If Khalilzad arrived in Baghdad still believing in the Bush administration’s formula of a “democratic, federal, pluralistic and united Iraq,” he swiftly caught on to the reality. Shuttling from faction to faction, he approached the process of drafting a constitution as not so much an exercise in “nation building” as a negotiation of a tripartite peace treaty, which is largely what it was. (I was struck by the similarities to the three-week Dayton talks ending the Bosnian war, in which I took part in 1995. In Baghdad, as at Dayton, the three factions never engaged in substantive negotiations as a group. Instead, agreements were worked out in bilateral talks between two of the factions or by American diplomats shuttling among the residences of the leaders.)

Khalilzad faced two major obstacles: the distrust of all Iraqi parties for one another and the incoherent US policy that preceded his arrival. The Kurds saw the constitution largely as a threat to their continued independence, and examined every proposal from that perspective. As the majority faction, the Shiites controlled the drafting of the text—and whether through inexperience or self-serving intentions, they often simply disregarded agreements others thought had been reached. Naturally, this fed Kurdish suspicions. The Sunni Arabs objected to practically everything that was proposed, frustrating the Shiites and Kurds to the point that they stopped negotiating with them. In the end, Khalilzad had the US embassy prepare drafts, record agreements, and incorporate them into the text.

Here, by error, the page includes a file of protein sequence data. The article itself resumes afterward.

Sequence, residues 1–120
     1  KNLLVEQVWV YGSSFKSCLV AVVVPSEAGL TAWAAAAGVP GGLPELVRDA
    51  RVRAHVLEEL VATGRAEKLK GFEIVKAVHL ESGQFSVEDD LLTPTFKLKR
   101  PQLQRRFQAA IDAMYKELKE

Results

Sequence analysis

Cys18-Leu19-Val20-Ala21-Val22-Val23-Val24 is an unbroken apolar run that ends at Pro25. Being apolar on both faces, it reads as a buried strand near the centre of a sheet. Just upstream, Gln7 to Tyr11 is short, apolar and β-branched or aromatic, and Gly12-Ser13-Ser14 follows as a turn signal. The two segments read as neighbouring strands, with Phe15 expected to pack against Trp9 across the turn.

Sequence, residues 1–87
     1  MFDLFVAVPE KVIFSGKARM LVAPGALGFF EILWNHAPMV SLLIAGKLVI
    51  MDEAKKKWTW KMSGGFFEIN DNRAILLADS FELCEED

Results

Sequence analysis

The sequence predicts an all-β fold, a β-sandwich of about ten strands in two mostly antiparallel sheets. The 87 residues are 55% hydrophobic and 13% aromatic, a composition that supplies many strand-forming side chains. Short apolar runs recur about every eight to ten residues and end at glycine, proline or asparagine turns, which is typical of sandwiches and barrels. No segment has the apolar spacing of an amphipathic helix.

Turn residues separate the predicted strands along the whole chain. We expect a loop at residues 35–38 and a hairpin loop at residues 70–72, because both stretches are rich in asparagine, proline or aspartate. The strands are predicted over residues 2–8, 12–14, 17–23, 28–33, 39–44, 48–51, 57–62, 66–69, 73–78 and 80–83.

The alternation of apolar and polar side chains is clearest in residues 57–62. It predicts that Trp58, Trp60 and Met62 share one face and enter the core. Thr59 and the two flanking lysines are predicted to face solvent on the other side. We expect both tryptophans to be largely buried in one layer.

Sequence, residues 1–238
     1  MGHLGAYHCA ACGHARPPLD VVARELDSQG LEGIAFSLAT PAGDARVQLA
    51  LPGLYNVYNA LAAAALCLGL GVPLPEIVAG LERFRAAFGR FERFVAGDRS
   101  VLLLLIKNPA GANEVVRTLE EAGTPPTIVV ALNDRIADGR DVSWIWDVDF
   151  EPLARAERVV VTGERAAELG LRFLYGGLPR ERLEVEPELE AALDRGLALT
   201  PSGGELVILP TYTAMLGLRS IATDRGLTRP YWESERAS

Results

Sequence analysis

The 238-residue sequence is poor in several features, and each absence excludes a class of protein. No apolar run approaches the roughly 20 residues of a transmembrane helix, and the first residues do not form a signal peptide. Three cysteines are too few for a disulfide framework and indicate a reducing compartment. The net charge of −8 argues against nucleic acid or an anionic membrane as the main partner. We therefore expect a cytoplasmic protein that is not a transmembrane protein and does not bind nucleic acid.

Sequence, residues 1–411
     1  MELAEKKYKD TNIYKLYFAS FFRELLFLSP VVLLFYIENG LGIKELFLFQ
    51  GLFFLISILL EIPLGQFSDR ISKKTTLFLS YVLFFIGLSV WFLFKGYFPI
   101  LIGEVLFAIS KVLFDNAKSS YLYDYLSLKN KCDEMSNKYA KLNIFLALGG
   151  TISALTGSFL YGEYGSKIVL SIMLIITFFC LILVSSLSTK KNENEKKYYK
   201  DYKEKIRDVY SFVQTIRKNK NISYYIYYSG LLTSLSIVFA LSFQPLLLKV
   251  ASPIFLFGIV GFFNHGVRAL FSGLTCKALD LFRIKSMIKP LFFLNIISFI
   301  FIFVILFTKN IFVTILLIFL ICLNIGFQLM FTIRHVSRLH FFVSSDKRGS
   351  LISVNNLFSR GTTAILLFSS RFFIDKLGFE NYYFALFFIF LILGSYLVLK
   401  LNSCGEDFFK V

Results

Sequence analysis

Khalilzad inherited policy decisions—made both in Washington and in Baghdad—that complicated his task. In May, Condoleezza Rice flew to Baghdad to insist that Sunni Arabs, who had boycotted the January elections and were therefore only minimally represented in the National Assembly, be included as members of the constitution drafting committee. Such inclusiveness in constitution-making is, of course, desirable; but senior Iraqi officials—some of them Sunnis—warned that the particular Sunnis selected by the US to represent their community were not prepared to take part in serious dialogue; nor for the most part were they representative. These warnings were ignored.

The Sunni delegation represented a variety of views, but it was dominated by former members of the Baath Party. The group’s spokesman and de facto leader was a former Baath Party functionary, Saleh al-Mutlaq, who argued against nearly everything that was proposed, and did so in an aggressive way that offended the Kurds and Shiites and some of his fellow Sunnis. Also on his team were Saddam Hussein’s former translator and several other former Baathist functionaries, as well as representatives of the Iraqi Islamic Party, a Sunni religious party. The leaders of the Iraqi Islamic Party ended up supporting the new constitution, but their voices have been drowned out in the anti-Shiite, anti-Kurd rhetoric of the others.